From a technical standpoint, it's arguably one of the best looking of all the GTA-style games we've seen, with impressive character likenesses, fluid animation and hugely detailed cityscapes that appear to have a worrying litter problem (although no weather or day/night cycle, curiously). In terms of style, there's nothing quite like it, with an attention to detail that really captures the atmosphere of the movies, replete with bursts of period music to match. Rather like Illusion's flawed-but-interesting Mafia did back in 2002, there's a real charm to the environment, although EA has wisely chosen to make the cars easy to drive with no silly speeding penalties. If we were being picky, we'd admit the handling's completely unrealistic, and that cars would never have gone that fast or be that hard to damage, but then it'd be far less fun to play. The car types pretty much fall into basic fast/medium/slow categories, and despite the presence of various makes and models handling is similarly slidey on all of them. Certainly don’t expect GTA levels of vehicular variety from The Godfather, and before you ask, no, there aren't any motorbikes!

From a narrative perspective, the game's well-judged, with excellent voice acting throughout, and spot on likenesses that are among the best we've ever seen. Expect to see many of the main movie characters making appearances throughout, including the Corleones (Sonny, Michael, and Don Vito), the family consigliere Tom Hagen, and the supporting cast of Luca Brasi, Monk Malone and Paulie Gatto. As you'll have heard, all of the likenesses bar Al Pacino's Michael Corleone were used, while EA even managed to secure the voiceover talents of James Caan (for Sonny) Robert Duvall (for Tom Hagen), with the late great Marlon Brando adding his talents, albeit briefly for the lead role of the Don himself. If anything, the narrative side of the game feels underplayed, with so much potential there, and so much talent sourced.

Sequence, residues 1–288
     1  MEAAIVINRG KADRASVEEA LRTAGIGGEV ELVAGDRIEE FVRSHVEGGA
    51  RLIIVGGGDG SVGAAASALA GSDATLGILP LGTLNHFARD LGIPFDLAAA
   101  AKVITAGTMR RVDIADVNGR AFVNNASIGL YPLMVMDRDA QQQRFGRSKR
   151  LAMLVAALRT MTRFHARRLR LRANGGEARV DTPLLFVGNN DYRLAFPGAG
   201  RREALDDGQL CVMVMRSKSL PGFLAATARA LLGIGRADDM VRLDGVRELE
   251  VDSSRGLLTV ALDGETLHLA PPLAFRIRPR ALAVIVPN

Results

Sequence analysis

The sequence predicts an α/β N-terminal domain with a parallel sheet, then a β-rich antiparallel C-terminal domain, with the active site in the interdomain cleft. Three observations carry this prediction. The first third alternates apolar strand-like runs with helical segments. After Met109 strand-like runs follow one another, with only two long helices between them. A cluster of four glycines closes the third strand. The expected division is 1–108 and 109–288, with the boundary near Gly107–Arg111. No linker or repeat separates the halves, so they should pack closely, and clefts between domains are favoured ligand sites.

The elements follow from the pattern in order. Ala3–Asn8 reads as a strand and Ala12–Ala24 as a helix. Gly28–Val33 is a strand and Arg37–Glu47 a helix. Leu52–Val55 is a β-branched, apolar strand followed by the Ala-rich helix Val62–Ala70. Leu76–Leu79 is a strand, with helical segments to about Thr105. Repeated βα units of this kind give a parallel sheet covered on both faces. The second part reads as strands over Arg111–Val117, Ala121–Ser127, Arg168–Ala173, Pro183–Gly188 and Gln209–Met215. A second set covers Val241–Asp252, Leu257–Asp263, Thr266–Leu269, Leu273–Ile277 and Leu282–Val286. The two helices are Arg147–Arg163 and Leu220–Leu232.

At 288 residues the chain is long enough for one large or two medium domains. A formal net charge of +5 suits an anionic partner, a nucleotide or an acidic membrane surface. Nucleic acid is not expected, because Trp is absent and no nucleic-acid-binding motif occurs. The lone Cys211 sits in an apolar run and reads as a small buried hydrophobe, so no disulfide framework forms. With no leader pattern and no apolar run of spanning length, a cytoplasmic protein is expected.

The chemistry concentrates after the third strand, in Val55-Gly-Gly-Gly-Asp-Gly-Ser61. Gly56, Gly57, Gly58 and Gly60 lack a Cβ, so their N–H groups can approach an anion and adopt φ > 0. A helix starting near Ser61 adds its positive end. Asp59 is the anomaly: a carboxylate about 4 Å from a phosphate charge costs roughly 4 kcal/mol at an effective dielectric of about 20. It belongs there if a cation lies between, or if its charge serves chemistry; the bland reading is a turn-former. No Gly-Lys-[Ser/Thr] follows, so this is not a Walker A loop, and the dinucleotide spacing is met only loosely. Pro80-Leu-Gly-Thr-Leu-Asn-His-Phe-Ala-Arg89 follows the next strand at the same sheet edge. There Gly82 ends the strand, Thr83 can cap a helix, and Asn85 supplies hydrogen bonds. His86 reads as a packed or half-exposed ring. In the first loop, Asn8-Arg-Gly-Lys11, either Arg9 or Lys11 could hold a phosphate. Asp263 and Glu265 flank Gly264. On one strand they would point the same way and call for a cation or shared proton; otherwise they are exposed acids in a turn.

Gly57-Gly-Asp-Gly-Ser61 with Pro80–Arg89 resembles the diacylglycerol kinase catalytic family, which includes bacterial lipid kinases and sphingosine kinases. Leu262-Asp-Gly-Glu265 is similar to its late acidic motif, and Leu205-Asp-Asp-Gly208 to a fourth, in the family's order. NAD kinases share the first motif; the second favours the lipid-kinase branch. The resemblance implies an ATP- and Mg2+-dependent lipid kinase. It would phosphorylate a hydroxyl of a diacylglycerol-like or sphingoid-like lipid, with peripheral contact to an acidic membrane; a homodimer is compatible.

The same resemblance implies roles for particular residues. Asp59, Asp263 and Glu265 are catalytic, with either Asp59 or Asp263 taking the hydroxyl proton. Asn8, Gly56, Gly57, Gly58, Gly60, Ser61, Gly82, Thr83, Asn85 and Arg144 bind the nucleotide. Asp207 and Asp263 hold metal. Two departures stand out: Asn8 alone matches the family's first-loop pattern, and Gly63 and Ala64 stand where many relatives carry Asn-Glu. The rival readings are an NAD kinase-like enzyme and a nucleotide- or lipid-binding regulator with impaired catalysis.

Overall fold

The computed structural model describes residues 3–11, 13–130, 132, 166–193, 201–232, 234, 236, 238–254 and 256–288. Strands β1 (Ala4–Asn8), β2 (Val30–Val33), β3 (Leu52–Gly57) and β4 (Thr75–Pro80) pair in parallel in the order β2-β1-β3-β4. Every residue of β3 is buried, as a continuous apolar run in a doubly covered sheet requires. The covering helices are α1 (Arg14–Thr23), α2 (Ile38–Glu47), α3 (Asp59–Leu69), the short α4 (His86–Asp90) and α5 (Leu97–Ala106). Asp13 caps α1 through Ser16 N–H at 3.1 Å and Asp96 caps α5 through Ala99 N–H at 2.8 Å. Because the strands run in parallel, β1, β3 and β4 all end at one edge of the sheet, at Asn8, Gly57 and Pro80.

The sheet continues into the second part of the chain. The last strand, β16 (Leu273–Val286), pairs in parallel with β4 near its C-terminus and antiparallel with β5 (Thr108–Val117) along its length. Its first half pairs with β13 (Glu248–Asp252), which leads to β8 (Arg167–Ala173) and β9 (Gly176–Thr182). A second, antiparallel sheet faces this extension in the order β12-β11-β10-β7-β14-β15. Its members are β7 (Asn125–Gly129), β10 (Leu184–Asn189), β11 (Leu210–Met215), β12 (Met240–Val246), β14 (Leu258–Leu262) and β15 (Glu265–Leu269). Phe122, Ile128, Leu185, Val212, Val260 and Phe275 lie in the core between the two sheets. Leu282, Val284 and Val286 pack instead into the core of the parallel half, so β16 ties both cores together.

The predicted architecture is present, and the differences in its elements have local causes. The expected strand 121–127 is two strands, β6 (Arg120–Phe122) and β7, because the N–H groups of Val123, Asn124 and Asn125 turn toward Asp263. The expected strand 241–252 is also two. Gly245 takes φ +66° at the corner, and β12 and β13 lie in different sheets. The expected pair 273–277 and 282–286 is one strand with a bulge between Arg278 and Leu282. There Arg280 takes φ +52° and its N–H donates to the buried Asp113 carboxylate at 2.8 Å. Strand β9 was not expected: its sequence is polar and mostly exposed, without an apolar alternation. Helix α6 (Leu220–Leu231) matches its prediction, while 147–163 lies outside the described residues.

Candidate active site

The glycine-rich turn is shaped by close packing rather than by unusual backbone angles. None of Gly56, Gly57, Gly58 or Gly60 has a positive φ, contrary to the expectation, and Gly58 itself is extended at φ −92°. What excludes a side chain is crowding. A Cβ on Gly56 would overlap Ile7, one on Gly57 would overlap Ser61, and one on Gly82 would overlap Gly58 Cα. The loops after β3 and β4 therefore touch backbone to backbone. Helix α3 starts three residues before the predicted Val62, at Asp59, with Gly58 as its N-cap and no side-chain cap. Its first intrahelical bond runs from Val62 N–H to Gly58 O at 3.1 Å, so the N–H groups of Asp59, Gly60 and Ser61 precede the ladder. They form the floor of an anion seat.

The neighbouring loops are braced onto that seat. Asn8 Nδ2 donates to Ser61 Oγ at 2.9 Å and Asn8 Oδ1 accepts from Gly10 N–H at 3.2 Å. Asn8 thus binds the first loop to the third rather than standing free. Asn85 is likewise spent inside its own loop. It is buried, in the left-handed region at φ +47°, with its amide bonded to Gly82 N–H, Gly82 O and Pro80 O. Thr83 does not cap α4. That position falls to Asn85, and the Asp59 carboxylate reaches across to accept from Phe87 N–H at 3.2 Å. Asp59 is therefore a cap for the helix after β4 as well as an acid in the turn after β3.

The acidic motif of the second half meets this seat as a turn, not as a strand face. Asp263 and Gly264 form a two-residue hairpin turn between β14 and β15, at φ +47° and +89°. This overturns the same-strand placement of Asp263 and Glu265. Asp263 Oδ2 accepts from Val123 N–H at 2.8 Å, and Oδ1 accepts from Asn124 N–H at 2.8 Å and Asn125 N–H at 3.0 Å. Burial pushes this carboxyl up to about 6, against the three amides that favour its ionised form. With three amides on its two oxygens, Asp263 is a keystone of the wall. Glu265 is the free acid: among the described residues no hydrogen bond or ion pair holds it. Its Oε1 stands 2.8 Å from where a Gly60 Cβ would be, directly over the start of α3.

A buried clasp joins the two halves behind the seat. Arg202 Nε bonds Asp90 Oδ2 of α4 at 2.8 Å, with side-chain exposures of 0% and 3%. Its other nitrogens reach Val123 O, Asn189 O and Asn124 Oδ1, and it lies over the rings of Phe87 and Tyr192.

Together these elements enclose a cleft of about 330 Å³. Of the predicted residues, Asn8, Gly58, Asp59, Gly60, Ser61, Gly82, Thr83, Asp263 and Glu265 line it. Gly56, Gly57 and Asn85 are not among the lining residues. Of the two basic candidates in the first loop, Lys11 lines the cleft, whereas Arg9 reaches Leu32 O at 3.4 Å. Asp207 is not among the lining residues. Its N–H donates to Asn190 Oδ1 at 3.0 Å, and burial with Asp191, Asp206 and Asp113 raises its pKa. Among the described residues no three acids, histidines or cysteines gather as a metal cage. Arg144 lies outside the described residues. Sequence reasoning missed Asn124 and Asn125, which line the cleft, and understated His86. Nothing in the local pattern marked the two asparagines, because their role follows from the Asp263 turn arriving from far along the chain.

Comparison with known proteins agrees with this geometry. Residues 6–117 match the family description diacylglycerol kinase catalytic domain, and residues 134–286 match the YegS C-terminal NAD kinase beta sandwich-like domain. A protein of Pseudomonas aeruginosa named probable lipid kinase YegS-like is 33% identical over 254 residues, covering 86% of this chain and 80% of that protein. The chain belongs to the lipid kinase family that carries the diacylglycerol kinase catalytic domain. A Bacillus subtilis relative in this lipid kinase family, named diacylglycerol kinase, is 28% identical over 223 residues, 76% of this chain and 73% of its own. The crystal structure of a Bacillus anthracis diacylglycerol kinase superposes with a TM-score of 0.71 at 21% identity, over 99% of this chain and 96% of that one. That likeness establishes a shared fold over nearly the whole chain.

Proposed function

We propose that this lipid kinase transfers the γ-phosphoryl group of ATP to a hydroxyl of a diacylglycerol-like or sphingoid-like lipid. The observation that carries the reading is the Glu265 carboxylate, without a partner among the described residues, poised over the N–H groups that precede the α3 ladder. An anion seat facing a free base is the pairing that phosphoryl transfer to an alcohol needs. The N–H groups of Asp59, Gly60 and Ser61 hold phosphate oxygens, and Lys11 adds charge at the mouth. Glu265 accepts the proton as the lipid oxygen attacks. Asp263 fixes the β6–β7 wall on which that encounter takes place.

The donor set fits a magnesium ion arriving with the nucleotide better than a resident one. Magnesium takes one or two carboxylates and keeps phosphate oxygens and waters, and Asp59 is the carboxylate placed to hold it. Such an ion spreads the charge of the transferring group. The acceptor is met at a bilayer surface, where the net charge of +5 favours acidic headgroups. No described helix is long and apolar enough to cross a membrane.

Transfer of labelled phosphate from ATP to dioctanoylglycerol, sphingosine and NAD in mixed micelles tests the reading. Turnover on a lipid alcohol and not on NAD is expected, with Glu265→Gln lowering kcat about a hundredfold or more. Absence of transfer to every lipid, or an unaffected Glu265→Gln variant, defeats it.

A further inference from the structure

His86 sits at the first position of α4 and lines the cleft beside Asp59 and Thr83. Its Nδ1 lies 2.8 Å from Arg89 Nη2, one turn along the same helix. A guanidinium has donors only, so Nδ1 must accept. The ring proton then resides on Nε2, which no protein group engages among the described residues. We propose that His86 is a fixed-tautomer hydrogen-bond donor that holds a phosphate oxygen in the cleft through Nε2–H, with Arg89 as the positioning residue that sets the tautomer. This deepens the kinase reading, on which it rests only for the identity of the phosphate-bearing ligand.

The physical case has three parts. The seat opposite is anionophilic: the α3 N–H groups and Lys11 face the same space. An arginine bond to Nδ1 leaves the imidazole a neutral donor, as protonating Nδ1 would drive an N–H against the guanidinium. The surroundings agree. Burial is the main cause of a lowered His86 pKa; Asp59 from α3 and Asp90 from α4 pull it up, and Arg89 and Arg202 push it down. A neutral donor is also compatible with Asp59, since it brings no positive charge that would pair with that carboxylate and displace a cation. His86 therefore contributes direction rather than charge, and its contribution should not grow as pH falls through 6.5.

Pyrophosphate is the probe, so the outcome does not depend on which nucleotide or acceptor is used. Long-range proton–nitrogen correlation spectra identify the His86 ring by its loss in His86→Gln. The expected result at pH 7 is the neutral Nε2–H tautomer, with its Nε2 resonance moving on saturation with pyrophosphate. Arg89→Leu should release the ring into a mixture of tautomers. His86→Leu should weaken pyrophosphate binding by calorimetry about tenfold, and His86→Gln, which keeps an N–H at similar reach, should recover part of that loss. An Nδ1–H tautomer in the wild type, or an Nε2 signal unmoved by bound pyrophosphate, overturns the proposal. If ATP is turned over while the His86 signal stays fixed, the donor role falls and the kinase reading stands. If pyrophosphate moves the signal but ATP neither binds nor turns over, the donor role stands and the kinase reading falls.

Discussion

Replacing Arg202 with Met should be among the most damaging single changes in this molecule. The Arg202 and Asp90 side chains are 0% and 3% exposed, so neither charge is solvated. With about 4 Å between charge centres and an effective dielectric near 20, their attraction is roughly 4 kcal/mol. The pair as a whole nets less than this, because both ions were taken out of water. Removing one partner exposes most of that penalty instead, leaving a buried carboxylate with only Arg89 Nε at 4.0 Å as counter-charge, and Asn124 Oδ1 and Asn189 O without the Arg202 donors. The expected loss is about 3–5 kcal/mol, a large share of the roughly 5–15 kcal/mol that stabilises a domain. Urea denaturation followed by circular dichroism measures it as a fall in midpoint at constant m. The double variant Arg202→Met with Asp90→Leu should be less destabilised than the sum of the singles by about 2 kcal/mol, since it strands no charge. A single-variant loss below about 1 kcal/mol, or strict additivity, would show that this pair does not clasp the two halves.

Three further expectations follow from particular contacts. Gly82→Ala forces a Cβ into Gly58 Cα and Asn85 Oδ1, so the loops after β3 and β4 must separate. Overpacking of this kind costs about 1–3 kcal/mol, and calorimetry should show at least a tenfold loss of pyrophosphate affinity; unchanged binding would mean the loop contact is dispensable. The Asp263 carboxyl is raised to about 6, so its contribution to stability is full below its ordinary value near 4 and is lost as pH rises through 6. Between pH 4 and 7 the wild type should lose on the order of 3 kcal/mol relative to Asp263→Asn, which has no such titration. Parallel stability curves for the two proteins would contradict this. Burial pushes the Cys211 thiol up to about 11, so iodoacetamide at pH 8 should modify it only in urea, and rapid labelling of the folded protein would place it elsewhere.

Having said that, judging it now would be premature: we've cleared only what amounts to about the first third of the game (according to the in-game stats, at least), it suggests the best may be yet to come from The Godfather. We certainly can't hide our disappointment at how short the mission side of the game is, or how easy it feels to blitz through what ought to be the main part of any videogame of this type, but given that we've yet to experience much of the real meat, perhaps it's fair to reserve our final assessment for when the review rolls around in three weeks time.

The Godfather is released on Xbox and PS2 on March 24th from Electronic Arts. Tune into Eurogamer TV to see the game in action.

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Kristan Reed

Kristan Reed


Kristan is a former editor of Eurogamer, dad, Stone Roses bore and Norwich City supporter who sometimes mutters optimistically about Team Silent getting back together.